The elephant in the room, therefore, is just how much the antivaccine movement has found a home on the far right and how much COVID-19 disinformation comes from the political right as compared to the left. This is not a new phenomenon, but rather a culmination of a drift that began over a decade ago (at least). For instance, as early as 2011, Fox News was airing sympathetic segments on Andrew Wakefield, interviews with Dr. Bob Sears, SafeMinds’ anti-vaccine PSA campaign, and Louise Kuo Habakus (who was virulently anti-vaccine herself and politically active in New Jersey advocating for more easily obtained “philosophical exemption” laws). Let’s also not forget about Rep. Dan Burton (R-IN), who routinely used to hold “hearings” before his committee about the vaccine-autism link back in the 1990s and early 2000s.

Then there was The Canary Party, founded in 2011, which soon started working with Tea Party-affiliated groups in California. Not long after, the Canary Party became known for sucking up to Rep. Darrell Issa (R-CA), with one of its major financial backers Jennifer Larson contributing a lot of money to Issa’s campaign (indirectly, of course) in order to buy influence and win a hearing by his committee examining autism and focused on vaccines as one potential cause. Around the same time, at the right-wing Libertarian FreedomFest in 2012 I was privileged to watch a debate between Julian Whitaker and our very own Steve Novella about vaccines. At the debate, vaccine pseudoscience flowed freely from Whitaker in a most embarrassing fashion, and I couldn’t help but note that FreedomFest that year featured two screenings of Leslie Manookian’s antivaccine propaganda piece, The Greater Good and had featured antivaccine talks in previous years. I was there, too, and amazed at the merchandise and conspiracy theories being touted, although in retrospect, in the era years before the rise of QAnon, conspiracy theories about the gold standard and New World Order now seem almost quaint.

This leads me to something else that Peter Moran said:

Antivax sentiments and mandate resistance have never required political underpinnings.


Perhaps familiarity — sheer repetition in a nurturing tribal environment — alongside a little political bias can give such nonsense a veneer of truth.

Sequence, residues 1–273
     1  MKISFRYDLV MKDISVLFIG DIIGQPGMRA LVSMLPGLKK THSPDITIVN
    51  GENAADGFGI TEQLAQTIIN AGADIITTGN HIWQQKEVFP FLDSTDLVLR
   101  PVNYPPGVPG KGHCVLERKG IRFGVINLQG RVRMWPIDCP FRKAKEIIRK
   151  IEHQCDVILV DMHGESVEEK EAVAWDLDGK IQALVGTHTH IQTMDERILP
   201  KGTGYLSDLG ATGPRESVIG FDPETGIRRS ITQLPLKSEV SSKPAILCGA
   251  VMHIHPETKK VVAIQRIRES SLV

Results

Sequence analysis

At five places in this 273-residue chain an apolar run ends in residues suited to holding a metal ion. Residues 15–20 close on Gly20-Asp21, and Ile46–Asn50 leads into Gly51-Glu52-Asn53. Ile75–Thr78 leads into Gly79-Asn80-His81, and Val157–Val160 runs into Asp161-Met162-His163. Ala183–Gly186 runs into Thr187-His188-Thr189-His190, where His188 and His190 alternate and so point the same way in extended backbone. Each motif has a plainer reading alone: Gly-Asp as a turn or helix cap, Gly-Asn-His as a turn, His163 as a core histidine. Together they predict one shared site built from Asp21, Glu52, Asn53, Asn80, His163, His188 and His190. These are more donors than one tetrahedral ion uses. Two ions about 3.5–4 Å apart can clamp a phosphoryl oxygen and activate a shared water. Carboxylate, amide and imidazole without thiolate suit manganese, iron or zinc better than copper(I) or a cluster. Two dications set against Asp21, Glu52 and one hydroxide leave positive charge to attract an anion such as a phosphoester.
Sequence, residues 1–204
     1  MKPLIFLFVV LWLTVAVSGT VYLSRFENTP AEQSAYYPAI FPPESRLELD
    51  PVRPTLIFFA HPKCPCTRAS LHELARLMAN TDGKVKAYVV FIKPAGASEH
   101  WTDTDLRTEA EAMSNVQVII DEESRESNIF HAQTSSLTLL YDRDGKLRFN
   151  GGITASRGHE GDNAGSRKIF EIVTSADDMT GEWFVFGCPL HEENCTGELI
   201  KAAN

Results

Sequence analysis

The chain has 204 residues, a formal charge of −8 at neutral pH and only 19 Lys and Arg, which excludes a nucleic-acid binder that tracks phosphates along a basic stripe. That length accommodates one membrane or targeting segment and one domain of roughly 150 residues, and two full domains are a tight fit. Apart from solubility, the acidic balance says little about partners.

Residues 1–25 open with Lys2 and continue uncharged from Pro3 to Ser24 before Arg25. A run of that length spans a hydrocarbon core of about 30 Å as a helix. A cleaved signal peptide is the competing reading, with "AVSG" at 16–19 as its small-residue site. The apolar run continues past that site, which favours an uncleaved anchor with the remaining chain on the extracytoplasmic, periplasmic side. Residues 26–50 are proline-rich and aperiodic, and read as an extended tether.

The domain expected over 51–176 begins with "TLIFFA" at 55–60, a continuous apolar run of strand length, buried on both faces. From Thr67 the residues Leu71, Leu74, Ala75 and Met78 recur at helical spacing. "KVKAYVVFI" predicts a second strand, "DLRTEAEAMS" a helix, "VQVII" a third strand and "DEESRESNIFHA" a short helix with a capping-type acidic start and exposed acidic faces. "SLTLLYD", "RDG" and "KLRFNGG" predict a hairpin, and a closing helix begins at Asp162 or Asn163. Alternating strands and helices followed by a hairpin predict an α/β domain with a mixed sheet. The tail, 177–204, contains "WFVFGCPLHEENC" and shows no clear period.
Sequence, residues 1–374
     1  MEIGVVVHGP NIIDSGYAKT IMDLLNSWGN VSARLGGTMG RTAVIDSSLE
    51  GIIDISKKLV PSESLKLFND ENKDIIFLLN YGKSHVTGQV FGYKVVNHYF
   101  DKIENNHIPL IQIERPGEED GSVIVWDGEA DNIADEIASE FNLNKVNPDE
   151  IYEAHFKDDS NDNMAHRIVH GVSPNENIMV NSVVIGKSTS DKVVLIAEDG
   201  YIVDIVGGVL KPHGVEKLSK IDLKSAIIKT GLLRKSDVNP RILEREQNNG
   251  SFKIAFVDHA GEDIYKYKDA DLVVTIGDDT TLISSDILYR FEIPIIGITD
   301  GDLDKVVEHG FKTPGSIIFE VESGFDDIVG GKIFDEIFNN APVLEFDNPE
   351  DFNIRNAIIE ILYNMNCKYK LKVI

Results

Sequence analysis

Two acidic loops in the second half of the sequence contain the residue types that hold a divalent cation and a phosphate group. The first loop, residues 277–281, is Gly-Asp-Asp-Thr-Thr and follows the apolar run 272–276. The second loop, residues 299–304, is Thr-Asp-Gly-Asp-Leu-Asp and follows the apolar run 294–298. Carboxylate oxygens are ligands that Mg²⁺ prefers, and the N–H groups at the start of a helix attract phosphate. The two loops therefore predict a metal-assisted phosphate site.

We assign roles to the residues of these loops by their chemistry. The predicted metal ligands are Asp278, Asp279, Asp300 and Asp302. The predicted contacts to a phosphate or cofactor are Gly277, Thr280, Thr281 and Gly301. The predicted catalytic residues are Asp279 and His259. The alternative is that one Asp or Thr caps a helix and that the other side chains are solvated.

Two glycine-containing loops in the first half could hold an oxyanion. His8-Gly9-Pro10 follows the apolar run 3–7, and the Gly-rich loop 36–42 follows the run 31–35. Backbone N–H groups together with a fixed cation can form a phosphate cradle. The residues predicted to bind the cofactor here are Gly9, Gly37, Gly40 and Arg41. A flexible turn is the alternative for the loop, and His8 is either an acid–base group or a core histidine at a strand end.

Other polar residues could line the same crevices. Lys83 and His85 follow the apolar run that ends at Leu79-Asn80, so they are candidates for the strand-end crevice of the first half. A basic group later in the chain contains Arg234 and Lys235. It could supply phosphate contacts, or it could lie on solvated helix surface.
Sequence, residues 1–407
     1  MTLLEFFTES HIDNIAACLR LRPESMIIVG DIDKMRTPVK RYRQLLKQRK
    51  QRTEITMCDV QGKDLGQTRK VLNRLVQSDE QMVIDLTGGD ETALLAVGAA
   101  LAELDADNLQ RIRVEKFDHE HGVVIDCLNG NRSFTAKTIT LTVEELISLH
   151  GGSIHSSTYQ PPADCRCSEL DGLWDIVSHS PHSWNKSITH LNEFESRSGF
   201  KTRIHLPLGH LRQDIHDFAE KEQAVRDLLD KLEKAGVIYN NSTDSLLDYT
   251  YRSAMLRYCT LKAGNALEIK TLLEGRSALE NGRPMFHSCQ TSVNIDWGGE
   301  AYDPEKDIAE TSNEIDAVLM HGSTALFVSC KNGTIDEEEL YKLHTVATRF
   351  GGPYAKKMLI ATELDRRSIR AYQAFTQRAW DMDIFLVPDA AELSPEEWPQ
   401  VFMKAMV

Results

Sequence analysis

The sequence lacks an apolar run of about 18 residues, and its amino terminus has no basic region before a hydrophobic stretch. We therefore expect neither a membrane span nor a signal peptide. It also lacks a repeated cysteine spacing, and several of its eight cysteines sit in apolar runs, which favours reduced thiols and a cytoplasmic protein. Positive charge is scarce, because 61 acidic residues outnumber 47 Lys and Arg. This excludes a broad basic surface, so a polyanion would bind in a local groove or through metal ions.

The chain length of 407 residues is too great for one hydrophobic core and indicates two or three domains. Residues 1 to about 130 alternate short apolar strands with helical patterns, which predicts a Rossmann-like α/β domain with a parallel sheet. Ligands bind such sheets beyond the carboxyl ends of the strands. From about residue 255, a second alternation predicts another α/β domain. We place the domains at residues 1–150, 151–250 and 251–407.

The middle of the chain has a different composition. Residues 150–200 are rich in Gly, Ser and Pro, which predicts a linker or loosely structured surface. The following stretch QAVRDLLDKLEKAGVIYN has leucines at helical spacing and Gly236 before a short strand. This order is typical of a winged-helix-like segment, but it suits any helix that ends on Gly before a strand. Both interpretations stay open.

The first part is sort of true but not really. What do I mean? Unless you consider politics separate from ideology, it’s hard to claim that antivax sentiments are independent of political underpinnings, because antivax sentiments are very much tied to ideology. The second part is also likely true to some extent, but not in the way Peter intended. He was mocking the idea (“such nonsense”) that a network of right wing groups are supporting the spread of COVID-19 and antivax disinformation, when there is actually good evidence to support this contention. In fact, it’s definitely likely that “sheer repetition in a nurturing tribal environment” can give misinformation, be it antivaccine misinformation or misinformation about COVID-19, or just general quackery, can do just that. We were writing about how this could happen long before the pandemic, such as the story of Jim Laidler as well as the appeal of being a medical “apostate.”

Moreover no one here at SBM is claiming that the left is not capable of promoting medical misinformation. Certainly it is. The problem is, as I like to say, that right here, right now, at the end of 2022, it is inarguable that the primary forces promoting antivaccine, anti-public health, and COVID-19 disinformation are currently right wing, often far right wing, to the point where public health responses to COVID-19, particularly vaccines, have become very partisan, a process that began long before the pandemic, when antivax ideology reared its ugly head during the 2016 Republican primaries and in 2018 when it showed up in the form of a “roundtable” held by the local Republican candidates in my district, and now has Sen. Ron Johnson holding antivaccine “round table” discussions featuring a bunch of quacks and grifters and the governor of a large state not only using his state public health apparatus to promote studies questioning vaccines but openly calling for a mini-“Nuremberg 2.0” (although in fairness he didn’t call it that).

Basically, what this politicization means is that, no matter how much we try to assiduously remain nonpartisan, just by advocating for interventions and policies rooted in science-based medicine, we are no longer going to be able to avoid charges of being partisan, “woke,” or whatever. This is a problem that we struggle to deal with, particularly given that other areas of SBM are similarly becoming partisan in a way that we haven’t had to deal with before, areas such as gender-affirming care for transgender adolescents. The problem, then becomes that our message will be rejected out of hand based solely on the perception that we are somehow far left wing and highly “woke” (whatever that word even means anymore).